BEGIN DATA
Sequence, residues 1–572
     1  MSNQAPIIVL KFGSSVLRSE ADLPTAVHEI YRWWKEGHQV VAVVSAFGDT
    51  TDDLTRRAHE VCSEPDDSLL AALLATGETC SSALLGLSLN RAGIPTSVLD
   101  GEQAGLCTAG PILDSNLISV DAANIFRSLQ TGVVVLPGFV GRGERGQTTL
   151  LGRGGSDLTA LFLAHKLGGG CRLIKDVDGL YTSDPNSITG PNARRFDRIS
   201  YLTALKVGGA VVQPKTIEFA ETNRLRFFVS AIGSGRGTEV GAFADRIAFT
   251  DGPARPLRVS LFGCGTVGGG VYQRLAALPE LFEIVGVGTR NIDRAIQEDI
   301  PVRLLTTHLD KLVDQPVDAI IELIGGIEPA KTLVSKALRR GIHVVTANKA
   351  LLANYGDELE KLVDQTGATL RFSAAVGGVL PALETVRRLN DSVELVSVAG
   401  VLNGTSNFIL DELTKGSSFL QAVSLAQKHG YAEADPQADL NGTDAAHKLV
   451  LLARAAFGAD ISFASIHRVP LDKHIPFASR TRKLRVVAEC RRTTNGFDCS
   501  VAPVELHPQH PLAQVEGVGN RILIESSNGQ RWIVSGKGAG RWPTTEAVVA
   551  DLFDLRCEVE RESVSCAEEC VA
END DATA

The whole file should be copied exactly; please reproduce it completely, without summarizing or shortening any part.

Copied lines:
Sequence, residues 1–572
     1  MSNQAPIIVL KFGSSVLRSE ADLPTAVHEI YRWWKEGHQV VAVVSAFGDT
    51  TDDLTRRAHE VCSEPDDSLL AALLATGETC SSALLGLSLN RAGIPTSVLD
   101  GEQAGLCTAG PILDSNLISV DAANIFRSLQ TGVVVLPGFV GRGERGQTTL
   151  LGRGGSDLTA LFLAHKLGGG CRLIKDVDGL YTSDPNSITG PNARRFDRIS
   201  YLTALKVGGA VVQPKTIEFA ETNRLRFFVS AIGSGRGTEV GAFADRIAFT
   251  DGPARPLRVS LFGCGTVGGG VYQRLAALPE LFEIVGVGTR NIDRAIQEDI
   301  PVRLLTTHLD KLVDQPVDAI IELIGGIEPA KTLVSKALRR GIHVVTANKA
   351  LLANYGDELE KLVDQTGATL RFSAAVGGVL PALETVRRLN DSVELVSVAG
   401  VLNGTSNFIL DELTKGSSFL QAVSLAQKHG YAEADPQADL NGTDAAHKLV
   451  LLARAAFGAD ISFASIHRVP LDKHIPFASR TRKLRVVAEC RRTTNGFDCS
   501  VAPVELHPQH PLAQVEGVGN RILIESSNGQ RWIVSGKGAG RWPTTEAVVA
   551  DLFDLRCEVE RESVSCAEEC VA